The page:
TEKS: Grade 8
Read an introduction to Texas Essential Knowledge and Skills charts.
TEKS  Examples  Commentary  
111.24 MATHEMATICS, GRADE 8 8.1 Number, operation, and quantitative reasoning. The student understands that different forms of numbers are appropriate for different situations. (A) compare and order rational numbers in various forms including integers, percents, and positive and negative fractions and decimals; (B) select and use appropriate forms of rational numbers to solve reallife problems including those involving proportional relationships; (C) approximate (mentally and with calculators) the value of irrational numbers as they arise from problem situations (π, √2); and 



(D) express numbers in scientific notation, including negative exponents, in appropriate problem situations. 

Negative exponents should be introduced as a way of expressing division. 

8.2 Number, operation, and quantitative reasoning. The student selects and uses appropriate operations to solve problems and justify solutions. (A) select appropriate operations to solve problems involving rational numbers and justify the selections; (B) use appropriate operations to solve problems involving rational numbers in problem situations; (C) evaluate a solution for reasonableness; and (D) use multiplication by a constant factor (unit rate) to represent proportional relationships. 8.3 Patterns, relationships, and algebraic thinking. The student identifies proportional or nonproportional linear relationships in problem situations and solves problems. (A) compare and contrast proportional and nonproportional linear relationships; and 



(B) estimate and find solutions to application problems involving percents and other proportional relationships such as similarity and rates. 
1. Josh's father took him and four of his friends to San Antonio to watch a Spurs basketball game. The 126mile drive took him 1 hour and 40 minutes and used 5 gallons of gas for a cost of $5.85. Use unit analysis to calculate each of the following for the entire trip. Make sure you show all your work.
a. miles per hour 
Students should write a sentence (using correct units) interpreting the meaning of each of their answers. For c, for example, a student might write, “This is the amount of money, in dollars, it takes to pay for one hour of their trip.” 

8.4 Patterns, relationships, and algebraic thinking. The student makes connections among various representations of a numerical relationship. 
a. Using the same pattern, how many tiles would be needed to build figure 10? Explain. 


8.5 Patterns, relationships, and algebraic thinking. The student uses graphs, tables, and algebraic representations to make predictions and solve problems. 



(A) predict, find, and justify solutions to application problems using appropriate tables, graphs, and algebraic equations; and 
U.R.Online charges $17 per month plus 35 cents per hour for Internet service. Complete a table to show possible costs. 



a. What are the only values that are appropriate for the first column? 


(B) find and evaluate an algebraic expression to determine any term in an arithmetic sequence (with a constant rate of change) 8.6 Geometry and spatial reasoning. The student uses transformational geometry to develop spatial sense. (A) generate similar figures using dilations including enlargements and reductions; and (B) graph dilations, reflections, and translations on a coordinate plane.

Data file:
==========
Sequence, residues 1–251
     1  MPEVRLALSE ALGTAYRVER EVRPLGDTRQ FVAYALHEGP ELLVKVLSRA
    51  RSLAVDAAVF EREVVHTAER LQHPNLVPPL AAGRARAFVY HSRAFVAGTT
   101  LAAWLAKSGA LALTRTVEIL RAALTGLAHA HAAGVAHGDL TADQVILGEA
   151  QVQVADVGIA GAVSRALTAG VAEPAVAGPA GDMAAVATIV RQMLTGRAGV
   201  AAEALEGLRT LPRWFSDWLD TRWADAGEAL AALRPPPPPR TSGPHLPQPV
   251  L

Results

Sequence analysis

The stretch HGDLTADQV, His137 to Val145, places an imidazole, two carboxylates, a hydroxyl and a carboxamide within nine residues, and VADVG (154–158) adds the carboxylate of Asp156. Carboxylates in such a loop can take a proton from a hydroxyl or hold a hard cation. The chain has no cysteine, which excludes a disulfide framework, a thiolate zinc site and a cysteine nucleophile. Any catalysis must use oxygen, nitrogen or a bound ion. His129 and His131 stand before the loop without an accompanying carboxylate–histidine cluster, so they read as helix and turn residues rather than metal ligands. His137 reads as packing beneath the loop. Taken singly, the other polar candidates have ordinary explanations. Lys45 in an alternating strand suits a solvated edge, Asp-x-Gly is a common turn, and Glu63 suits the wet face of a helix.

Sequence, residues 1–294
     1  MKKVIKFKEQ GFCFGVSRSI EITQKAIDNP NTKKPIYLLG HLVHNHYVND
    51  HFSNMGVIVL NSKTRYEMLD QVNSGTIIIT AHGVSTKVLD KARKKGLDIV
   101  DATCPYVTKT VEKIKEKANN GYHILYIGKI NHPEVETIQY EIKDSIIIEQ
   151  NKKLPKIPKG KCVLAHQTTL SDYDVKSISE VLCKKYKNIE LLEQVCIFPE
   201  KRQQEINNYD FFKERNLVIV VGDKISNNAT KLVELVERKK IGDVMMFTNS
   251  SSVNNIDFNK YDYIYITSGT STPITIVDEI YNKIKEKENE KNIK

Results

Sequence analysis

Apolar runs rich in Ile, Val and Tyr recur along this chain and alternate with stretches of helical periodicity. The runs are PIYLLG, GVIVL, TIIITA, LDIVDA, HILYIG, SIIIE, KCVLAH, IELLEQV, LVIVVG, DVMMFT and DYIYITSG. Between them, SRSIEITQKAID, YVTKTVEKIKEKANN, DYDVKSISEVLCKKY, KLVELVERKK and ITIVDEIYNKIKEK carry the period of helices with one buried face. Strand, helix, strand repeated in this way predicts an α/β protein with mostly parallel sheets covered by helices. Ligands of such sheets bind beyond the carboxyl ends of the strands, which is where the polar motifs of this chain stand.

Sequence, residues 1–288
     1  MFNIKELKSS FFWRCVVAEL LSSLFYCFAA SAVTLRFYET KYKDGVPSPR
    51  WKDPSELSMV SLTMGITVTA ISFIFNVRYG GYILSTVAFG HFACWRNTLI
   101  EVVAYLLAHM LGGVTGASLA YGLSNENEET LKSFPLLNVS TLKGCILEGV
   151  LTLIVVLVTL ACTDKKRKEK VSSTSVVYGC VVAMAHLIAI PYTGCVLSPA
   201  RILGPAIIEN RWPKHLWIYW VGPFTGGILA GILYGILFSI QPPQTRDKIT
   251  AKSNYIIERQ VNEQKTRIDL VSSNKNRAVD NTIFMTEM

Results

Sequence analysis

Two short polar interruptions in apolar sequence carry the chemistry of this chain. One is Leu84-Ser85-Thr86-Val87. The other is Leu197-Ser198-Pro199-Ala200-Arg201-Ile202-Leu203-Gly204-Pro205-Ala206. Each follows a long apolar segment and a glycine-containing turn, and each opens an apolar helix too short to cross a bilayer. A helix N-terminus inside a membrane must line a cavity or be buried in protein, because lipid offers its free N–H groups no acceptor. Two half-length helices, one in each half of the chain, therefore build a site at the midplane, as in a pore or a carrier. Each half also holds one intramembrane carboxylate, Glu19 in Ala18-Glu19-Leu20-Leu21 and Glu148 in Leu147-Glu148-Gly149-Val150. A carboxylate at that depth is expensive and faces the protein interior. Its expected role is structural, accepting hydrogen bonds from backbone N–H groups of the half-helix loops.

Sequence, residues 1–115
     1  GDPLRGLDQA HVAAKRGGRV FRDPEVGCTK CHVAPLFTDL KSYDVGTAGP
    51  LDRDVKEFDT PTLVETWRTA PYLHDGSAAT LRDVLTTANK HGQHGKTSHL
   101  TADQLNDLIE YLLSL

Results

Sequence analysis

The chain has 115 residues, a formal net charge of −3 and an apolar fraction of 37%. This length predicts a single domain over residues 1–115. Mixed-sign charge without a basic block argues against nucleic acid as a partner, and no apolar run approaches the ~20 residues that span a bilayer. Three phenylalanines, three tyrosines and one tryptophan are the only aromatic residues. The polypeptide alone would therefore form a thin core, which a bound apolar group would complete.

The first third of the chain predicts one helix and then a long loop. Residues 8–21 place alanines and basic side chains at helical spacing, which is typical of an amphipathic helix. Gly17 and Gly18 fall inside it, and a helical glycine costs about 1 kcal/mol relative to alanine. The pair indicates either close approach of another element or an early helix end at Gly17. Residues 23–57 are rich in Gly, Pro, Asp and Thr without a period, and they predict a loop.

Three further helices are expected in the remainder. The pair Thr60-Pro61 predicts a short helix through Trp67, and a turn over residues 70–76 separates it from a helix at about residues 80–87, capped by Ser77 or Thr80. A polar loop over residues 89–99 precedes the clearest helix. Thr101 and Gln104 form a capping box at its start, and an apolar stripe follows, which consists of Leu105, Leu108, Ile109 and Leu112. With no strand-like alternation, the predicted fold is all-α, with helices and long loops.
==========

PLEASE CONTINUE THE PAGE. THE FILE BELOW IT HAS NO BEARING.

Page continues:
8.7 Geometry and spatial reasoning. The student uses geometry to model and describe the physical world. (A) draw three dimensional figures from different perspectives; (B) use geometric concepts and properties to solve problems in fields such as art and architecture; (C) use pictures or models to demonstrate the Pythagorean Theorem; and (D) locate and name points on a coordinate plane using ordered pairs of rational numbers. 8.8 Measurement. The student uses procedures to determine measures of threedimensional figures. (A) find lateral and total surface area of prisms, pyramids, and cylinders using concrete models and nets (two dimensional models); (B) connect models of prisms, cylinders, pyramids, spheres, and cones to formulas for volume of these objects; and (C) estimate measurements and use formulas to solve application problems involving lateral and total surface area and volume. 8.9 Measurement. The student uses indirect measurement to solve problems. (A) use the Pythagorean Theorem to solve reallife problems; and (B) use proportional relationships in similar twodimensional figures or similar threedimensional figures to find missing measurements. 



8.10 Measurement. The student describes how changes in dimensions affect linear, area, and volume measures. 



(A) describe the resulting effects on perimeter and area when dimensions of a shape are changed proportionally; and (B) describe the resulting effect on volume when dimensions of a solid are changed proportionally. 
Students will build the unit dog using thirteen snap cubes and calculate his surface area and volume. Then students will work in pairs to construct from graph paper run on tag board, a dog with dimensions twice, triple, quadruple, or quintuple the original dog. They will calculate surface area and volume for their dog. The information for all groups will be collected, and the class will discuss the resulting effects on area and volume.